The sellers offer on their altars the first fruits: green- flecked lemons, jewelled cherries, shameful peaches with torn leaves…. Owlish wisdom stares from their eyes brooding upon the lore of their Summa contra Gentiles.
Many Jews landed in Trieste after fleeing mistreatment in the Russias. The Jewish and Irish diasporas have met, and James Joyce is captivated by the look of Askhanizic women, their olive complexions, veined eyelids, their mysterious separateness. How does a fallen-away Irishman seduce an underaged observant Jewish girl under the watchful care of her family? Joyce’s answer was to find a theological loophole and use Judaism against itself.
In this canto, Joyce has a chance encounter with the men of HER family. The Popper men cross Trieste’s market in a horse-drawn carriage. Produce (PRO’ duce, that is) triggers a stream of consciousness that might justify Amalia’s surrender to Joyce as a sacrifice to modern ways in a new Western Europe. Bikkurim is the tradition of bringing the first fruits of the harvest as an offering to the temple. SHE might be that sacrifice. He might be that temple.
The second prong of his offensive, thinks Joyce, might be to argue that Judaism is not so different from Christianity. In this, he adopted the writings of Aquinas, who prepared a how-to book to convert Jews and Moors during the Spanish Reconquista. The Summa contra Gentiles composed from 1229 through 1235, consists of four books. John Rickaby, S.J. translated the Latin to English in 1805. The argument of each book in the text focuses on a particular appeal to the potential convert. The convert was not presumed to be alienated from her religion, so the treatment was gentle.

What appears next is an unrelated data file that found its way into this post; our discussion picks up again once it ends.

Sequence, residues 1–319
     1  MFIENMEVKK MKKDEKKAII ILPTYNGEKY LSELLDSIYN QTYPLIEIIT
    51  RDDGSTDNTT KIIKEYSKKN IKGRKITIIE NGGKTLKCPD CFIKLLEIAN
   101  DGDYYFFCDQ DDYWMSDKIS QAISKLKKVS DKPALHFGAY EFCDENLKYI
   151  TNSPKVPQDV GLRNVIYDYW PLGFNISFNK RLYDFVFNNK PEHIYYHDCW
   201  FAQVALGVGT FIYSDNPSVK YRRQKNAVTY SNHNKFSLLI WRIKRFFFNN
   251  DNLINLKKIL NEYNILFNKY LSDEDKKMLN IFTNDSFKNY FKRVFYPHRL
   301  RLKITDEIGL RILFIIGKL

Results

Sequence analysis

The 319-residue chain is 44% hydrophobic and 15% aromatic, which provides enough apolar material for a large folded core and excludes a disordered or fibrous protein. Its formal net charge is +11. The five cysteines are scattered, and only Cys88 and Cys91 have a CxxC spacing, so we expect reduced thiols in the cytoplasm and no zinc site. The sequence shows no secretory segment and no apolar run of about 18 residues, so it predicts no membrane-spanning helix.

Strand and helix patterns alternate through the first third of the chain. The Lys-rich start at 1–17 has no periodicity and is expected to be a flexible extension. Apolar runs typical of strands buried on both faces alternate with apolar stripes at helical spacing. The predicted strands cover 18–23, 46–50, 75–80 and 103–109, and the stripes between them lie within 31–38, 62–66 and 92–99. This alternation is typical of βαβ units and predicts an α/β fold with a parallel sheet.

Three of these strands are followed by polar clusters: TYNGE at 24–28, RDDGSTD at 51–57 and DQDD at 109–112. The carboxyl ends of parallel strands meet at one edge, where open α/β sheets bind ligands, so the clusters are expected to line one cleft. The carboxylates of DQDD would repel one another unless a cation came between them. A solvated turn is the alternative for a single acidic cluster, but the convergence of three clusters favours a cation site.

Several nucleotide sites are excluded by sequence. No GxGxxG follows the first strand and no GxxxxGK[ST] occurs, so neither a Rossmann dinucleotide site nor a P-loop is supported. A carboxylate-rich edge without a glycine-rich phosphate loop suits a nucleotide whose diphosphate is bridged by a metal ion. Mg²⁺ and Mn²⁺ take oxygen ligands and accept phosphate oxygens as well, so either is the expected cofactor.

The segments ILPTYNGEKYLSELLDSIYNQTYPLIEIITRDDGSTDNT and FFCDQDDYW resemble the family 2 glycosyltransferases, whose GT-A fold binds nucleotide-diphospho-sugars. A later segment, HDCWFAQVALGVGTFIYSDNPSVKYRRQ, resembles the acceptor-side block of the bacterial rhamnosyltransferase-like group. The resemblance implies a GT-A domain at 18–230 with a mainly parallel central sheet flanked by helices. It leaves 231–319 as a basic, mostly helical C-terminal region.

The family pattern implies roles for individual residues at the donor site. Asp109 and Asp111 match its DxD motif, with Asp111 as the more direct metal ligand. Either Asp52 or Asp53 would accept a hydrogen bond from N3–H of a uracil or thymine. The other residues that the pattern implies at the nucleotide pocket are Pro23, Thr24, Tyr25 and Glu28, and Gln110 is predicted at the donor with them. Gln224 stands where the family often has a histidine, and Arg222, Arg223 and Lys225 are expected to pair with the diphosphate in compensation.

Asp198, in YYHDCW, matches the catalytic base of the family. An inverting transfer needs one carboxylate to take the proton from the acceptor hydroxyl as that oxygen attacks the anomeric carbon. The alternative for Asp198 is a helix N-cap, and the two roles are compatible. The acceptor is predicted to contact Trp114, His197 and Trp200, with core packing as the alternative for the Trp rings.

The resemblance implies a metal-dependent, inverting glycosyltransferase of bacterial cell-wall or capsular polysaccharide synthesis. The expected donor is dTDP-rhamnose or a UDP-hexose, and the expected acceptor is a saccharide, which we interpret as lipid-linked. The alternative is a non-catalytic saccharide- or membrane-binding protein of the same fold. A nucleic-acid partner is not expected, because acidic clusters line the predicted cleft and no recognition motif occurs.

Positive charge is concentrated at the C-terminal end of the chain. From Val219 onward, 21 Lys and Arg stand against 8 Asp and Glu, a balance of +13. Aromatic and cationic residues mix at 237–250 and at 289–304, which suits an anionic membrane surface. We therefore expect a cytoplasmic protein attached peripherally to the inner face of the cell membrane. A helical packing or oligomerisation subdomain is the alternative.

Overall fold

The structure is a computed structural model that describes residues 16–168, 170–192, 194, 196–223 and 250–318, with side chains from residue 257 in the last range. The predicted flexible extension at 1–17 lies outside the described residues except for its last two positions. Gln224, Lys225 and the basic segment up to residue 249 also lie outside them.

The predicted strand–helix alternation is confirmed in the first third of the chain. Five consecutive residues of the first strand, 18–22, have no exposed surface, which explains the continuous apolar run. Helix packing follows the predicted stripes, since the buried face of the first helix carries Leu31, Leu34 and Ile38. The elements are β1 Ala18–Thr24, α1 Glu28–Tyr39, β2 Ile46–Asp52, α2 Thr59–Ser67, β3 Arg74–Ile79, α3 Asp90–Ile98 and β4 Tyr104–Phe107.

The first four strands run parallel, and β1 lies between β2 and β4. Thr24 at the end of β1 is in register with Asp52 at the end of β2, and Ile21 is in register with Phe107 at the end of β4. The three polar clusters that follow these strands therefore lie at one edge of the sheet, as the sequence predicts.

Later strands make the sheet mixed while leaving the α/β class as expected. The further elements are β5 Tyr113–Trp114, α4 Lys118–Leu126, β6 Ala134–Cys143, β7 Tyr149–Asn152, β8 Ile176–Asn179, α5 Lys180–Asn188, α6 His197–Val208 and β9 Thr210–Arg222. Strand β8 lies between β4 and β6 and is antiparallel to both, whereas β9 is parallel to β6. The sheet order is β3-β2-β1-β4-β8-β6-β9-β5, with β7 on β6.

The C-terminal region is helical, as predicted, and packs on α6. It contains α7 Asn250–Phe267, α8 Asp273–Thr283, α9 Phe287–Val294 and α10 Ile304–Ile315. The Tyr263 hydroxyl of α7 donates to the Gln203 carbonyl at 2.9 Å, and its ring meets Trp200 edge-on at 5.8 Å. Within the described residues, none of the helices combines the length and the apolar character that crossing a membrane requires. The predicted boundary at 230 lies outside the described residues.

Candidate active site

- Book I presents the similarities of Christianity with Judaism and Islam that monotheism offers.
- Book II supports the shared importance of the natural Creation for the three religions.
- Book III demonstrates a commonality in the religions’ treatment of good and evil, free will versus fate, and human reason.
- Book IV addresses theological differences.
The final book encourages a soft sell. It compares, for example, Moses and Jesus as servants of God. The Son attends to His Father’s house, but the argument makes the distinction that, unlike Moses, Jesus not only serves the Father but is linked to Him by lineage. Aquinas’ work was not directed to the prospective convert but to those who would deliver the argument to the candidate. The strategy seems circumspect. Joyce would appreciate the rhetoric even if the case seemed contrived (like Dedalus’ argument in Scylla and Charybdis).
As the 19th Century turned to the 20th, optimism surged in Europe and Asia. Internationalism sprung up in traditional societies, including Turkey and Japan. Electricity crackled everywhere. The skies came under Man’s mastery, and transatlantic communication had become commonplace. A nascent Psychology promised an understanding of the human mind, although the promise was more ambitious than the science would yet support. Spiritualism competed with organized religions for the souls of Europeans, and inter-cultural relationships were, if not accepted, at least possible. James Aloysius Joyce might marshall a stratagem, muddling Jewish tradition and Catholic expansionism, and perhaps win a prize that would be left neither traditional nor apostolic.
don ward August 20, 2020